11/08/13 10:00am
11/08/2013 10:00 AM
JENNIFER GUSTAVSON PHOTO |

JENNIFER GUSTAVSON PHOTO | Several Suffolk County jail inmates are renovating Brendan House in Riverhead. The group first started working on the Sound Avenue project Wednesday afternoon.

Up until last March, Michael McNemar had a computer business and did various construction projects on the side. That experience may have seemed like a distant memory when Mr. McNemar, 42, landed in jail.

But thanks to a partnership between the Suffolk County Sheriff’s Department and New Beginnings — a Medford nonprofit group — Mr. McNemar and other inmates with skilled labor backgrounds have been given the chance to assist with helping to build a home for the disabled.

On Wednesday, Mr. McNemar was one of the inmates working on a construction project at Brendan House in Riverhead, which is owned by New Beginnings. Several inmates were using their construction and carpentry skills to build a frame for an extension to the house.

“We’re good people at heart,” Mr. McNemar said. “Sometimes, bad things happen to good people. We’re able to take this and turn it around for a very good thing.”

With saws and tape measures in hand, Mr. McNemar and Tyler Schiffelbian, 29, said they were happy to volunteer because they believe it gives them an opportunity to turn their negative situation into a positive experience.

“We’re all skilled labours and we’re putting that to good use for the community,” Mr. McNemar said.

Mr. Schiffelbian said he’s volunteering because he believes it’s an opportunity to repay his debt to society while supporting a noble cause, a situation he finds is better than sitting in a jail cell.

“In my personal life, I don’t enjoy work this much,” he said as he placed a slab of wood on a work bench. “Everybody here has something to put into it. I learn something new every day.”

New Beginnings president Allyson Scerri said she’s grateful the county inmates will be helping out on a weekly basis. She said there are two paid staff workers overseeing the project. The rest are volunteers.

“It feels like a lot of pressure has been lifted,” she said. “Having all of this manpower helps.”

Sheriff Vincent DeMarco said the inmates volunteering in the program are skilled laborers. Under his tenure since 2006, Mr. DeMarco said he’s expanded the program because he believes it’s a “win-win” for inmates to work on vocational skills while helping nonprofit causes.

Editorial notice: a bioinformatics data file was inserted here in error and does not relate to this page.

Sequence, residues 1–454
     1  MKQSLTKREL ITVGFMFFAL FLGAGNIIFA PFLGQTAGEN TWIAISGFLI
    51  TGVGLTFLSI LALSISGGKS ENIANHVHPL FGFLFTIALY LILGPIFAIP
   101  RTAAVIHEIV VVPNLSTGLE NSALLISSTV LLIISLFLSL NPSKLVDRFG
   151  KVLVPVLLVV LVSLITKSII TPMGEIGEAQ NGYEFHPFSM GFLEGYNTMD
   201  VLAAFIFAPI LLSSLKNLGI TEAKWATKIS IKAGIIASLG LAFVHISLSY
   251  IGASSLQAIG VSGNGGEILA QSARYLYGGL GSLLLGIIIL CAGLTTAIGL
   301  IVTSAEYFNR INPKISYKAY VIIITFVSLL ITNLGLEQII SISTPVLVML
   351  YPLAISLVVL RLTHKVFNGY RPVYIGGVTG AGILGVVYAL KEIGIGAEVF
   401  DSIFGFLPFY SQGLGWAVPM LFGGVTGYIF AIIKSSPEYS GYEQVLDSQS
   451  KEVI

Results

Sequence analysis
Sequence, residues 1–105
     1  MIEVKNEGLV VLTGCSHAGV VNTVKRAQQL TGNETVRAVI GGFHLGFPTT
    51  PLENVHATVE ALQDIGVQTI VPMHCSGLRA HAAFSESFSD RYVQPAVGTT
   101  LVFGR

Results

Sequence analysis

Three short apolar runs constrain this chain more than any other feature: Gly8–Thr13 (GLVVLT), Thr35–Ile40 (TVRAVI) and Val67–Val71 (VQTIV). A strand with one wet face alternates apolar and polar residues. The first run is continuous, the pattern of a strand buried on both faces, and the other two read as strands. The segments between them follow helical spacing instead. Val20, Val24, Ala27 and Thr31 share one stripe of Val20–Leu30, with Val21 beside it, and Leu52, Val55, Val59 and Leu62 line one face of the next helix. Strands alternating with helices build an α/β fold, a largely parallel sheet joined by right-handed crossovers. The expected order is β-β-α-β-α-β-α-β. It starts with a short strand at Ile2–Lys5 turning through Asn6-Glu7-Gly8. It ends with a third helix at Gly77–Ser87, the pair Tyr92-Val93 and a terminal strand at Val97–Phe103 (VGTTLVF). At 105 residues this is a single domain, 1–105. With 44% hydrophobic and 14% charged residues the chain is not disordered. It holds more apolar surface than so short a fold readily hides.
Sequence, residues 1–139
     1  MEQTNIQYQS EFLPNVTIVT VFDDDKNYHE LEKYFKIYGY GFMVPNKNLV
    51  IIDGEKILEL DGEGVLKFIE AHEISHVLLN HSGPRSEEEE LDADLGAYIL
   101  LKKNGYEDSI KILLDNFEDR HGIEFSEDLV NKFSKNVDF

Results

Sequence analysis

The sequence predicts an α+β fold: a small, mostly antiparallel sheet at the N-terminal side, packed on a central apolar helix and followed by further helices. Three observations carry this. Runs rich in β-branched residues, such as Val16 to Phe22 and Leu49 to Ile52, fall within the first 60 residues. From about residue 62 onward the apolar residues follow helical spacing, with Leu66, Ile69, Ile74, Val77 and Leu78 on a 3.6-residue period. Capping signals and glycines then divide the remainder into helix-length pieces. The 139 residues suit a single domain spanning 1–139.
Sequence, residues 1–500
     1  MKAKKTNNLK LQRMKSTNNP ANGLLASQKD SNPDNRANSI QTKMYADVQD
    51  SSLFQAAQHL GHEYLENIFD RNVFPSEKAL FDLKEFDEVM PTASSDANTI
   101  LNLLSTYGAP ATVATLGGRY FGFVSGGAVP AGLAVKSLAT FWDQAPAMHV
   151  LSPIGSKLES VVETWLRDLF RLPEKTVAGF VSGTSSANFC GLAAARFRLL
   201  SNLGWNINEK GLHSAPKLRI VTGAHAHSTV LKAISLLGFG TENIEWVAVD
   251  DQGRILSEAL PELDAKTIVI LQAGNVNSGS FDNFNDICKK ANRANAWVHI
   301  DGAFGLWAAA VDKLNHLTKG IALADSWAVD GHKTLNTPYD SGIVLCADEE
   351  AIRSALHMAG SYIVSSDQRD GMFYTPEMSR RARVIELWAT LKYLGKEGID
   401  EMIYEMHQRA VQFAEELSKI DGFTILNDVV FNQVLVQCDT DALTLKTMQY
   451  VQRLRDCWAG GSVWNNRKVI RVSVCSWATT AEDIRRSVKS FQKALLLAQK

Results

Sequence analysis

In February, he attended a ribbon-cutting ceremony at Right Path Home, a new program that provides housing for men ages 17-21 who are released from the Suffolk County Department of Corrections. Inmates also helped build the facility.

As for the Brendan House project, Ms. Scerri said her group is still seeking additional support for 25 windows, siding and roofing. She’s also planning a holiday-themed fundraiser Dec. 5 at Martha Clara in Riverhead to help raise funds for the project.

Ideally, Ms. Scerri said she hopes the house is move-in ready by March, which is also brain injury awareness month.

Michael Hubbard, a 17-year-old who suffered third-degree burns over 40 percent of his body in 2011 after being burned by a gel candle that exploded in his backyard, is one of 10 people that plan to move into Brendan House. The local community has been rallying support for him and his family since the accident.

His mother, Nancy Reyer, organized the area’s first-ever human bowling ball event sponsored by Skydive Long Island and All-Star bowling to benefits Brendan House. Ms. Reyer said she plans to skydive for the first time on Michael’s 18th birthday, Aug. 16, to raise additional funds.

Mr. McNemar said he’s glad to be a part of the project because he finds the end result will be very rewarding.

“We’ll be able to drive by this place a few months from now and, knowing that we worked on it, feel good that we were able to help out for a good cause,” he said.

jennifer@timesreview.com

09/07/13 3:00pm
09/07/2013 3:00 PM

COURTESY PHOTO | Sheriff Vincent DeMarco presented Laura Ahearn with a check for just over $50,000.

Suffolk County Sheriff Vincent DeMarco presented a $50,000 check today to Laura Ahearn, the executive director and founder of Parents for Megan’s Law and the Crime Victims Center.

The funds came from money seized from convicted drug dealers and was donated as a way to help the organization improve its technological capacity to track sex offenders and provide important safety information to the public, according to a press release.